Bad Idea To Support “Moderate Syrian Rebels”

I have expressed support for the U.S. decision to try to undo one of the negative effects -the creation of the Islamic State- of some of its previous mistakes -most importantly the second Iraq war- by bombing Islamic State positions, and a few times also al Qaeda positions. This bombing campain has been crucial in preventing the Islamic State from taking the Kurdish city of Kobane and arguably also Baghdad and Iraqi Kurdish areas.

However, another part of the U.S. strategy against the Islamic State, arming so-called “moderate” rebels in Syria is mistaken. The so-called “moderate” rebels (who often aren’t so moderate as Obama claims and are often allied with al-Qaeda) generally only fights the Islamic State because the Islamic State attacks them. They almost never launch an offensive against the Islamic State and instead views the Assad government as their main enemy.

And while I certainly don’t deny that the Assad government is vile, it is nonetheless far less evil than the Islamic State (and al-Qaeda and most other non-Kurdish Syrian rebels) and it is the military force that has the greatest capability of repelling the Islamic State.

By arming and supporting allegedly “moderate” Syrian rebel groups, you will force Assad to distract more of his military forces to fighting them, strengthening the Islamic State.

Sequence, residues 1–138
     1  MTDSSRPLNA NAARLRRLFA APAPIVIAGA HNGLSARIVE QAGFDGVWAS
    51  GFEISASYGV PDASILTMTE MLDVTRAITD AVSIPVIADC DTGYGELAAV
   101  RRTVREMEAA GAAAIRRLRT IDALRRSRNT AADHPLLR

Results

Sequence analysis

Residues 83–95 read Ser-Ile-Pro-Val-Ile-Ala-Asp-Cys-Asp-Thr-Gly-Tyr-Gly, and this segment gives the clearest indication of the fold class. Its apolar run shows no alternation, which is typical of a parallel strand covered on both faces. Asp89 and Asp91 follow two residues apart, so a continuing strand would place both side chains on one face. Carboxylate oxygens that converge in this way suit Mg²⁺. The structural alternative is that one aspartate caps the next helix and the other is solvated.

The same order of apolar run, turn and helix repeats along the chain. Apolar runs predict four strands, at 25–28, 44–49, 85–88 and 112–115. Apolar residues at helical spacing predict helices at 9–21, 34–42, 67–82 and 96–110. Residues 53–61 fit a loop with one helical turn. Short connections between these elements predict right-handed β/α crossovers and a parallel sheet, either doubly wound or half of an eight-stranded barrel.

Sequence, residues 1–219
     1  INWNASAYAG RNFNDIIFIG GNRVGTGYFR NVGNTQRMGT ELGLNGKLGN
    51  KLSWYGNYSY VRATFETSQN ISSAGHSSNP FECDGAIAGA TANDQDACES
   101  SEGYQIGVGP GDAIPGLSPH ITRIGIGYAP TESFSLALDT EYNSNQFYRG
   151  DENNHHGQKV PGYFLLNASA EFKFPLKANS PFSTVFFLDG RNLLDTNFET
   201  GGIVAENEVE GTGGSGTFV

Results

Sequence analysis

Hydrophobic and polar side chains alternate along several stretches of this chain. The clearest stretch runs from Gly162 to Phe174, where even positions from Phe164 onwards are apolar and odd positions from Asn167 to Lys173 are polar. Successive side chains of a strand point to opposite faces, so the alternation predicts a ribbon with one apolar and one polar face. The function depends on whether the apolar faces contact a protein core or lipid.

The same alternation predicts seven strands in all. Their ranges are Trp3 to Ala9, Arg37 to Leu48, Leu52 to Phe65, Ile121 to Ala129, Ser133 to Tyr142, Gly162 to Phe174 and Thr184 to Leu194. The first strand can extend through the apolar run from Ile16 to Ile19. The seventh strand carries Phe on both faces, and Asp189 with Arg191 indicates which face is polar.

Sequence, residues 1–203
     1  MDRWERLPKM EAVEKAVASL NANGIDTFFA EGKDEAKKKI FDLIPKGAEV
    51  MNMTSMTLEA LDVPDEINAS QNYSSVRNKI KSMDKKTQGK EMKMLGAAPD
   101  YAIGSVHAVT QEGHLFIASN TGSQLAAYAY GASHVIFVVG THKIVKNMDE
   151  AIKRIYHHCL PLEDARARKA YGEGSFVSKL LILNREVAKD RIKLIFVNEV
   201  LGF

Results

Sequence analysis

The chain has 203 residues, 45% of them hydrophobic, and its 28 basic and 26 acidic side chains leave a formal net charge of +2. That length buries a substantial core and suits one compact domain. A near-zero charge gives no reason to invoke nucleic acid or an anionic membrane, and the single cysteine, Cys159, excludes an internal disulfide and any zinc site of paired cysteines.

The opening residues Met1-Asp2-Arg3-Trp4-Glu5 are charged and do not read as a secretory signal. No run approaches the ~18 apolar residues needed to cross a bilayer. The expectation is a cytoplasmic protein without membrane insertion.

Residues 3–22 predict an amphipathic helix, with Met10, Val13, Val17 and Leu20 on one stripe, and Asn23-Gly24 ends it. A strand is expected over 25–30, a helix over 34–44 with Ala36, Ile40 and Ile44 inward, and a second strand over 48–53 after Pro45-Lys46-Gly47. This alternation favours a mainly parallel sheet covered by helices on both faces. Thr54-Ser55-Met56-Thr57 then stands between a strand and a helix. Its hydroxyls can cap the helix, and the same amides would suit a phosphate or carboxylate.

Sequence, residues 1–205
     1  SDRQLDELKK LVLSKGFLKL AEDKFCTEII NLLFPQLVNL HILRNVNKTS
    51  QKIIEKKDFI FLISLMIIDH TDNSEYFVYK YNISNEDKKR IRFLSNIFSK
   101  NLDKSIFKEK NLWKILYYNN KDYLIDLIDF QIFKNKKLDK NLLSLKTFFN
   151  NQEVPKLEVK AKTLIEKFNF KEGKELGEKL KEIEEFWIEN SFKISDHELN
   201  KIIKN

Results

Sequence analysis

Prices Are Falling- And So Is Unemployment

There has been some hand wringing over the fact that the Euro zone (and a lot of other currency zones as well) has experienced a falling consumer price index recently. But why should we be concerned about the fact that consumers are experiencing higher purchasing power? That sounds great to me, as a consumer i like it when i see that restaurants and stores lower the prices they charge me.

It is alleged that deflation will lower growth and increase unemployment. Yet on the same day that Eurostat published preliminary numbers of a 0.6% drop in the Euro area CPI (entirely due to cheaper oil) it also released a report showing that the Euro area unemployment rate fell from 11.8% in December 2013 to 11.4% in December 2014. It appears that price deflation does not have such a negative effect on growth as some people asserts….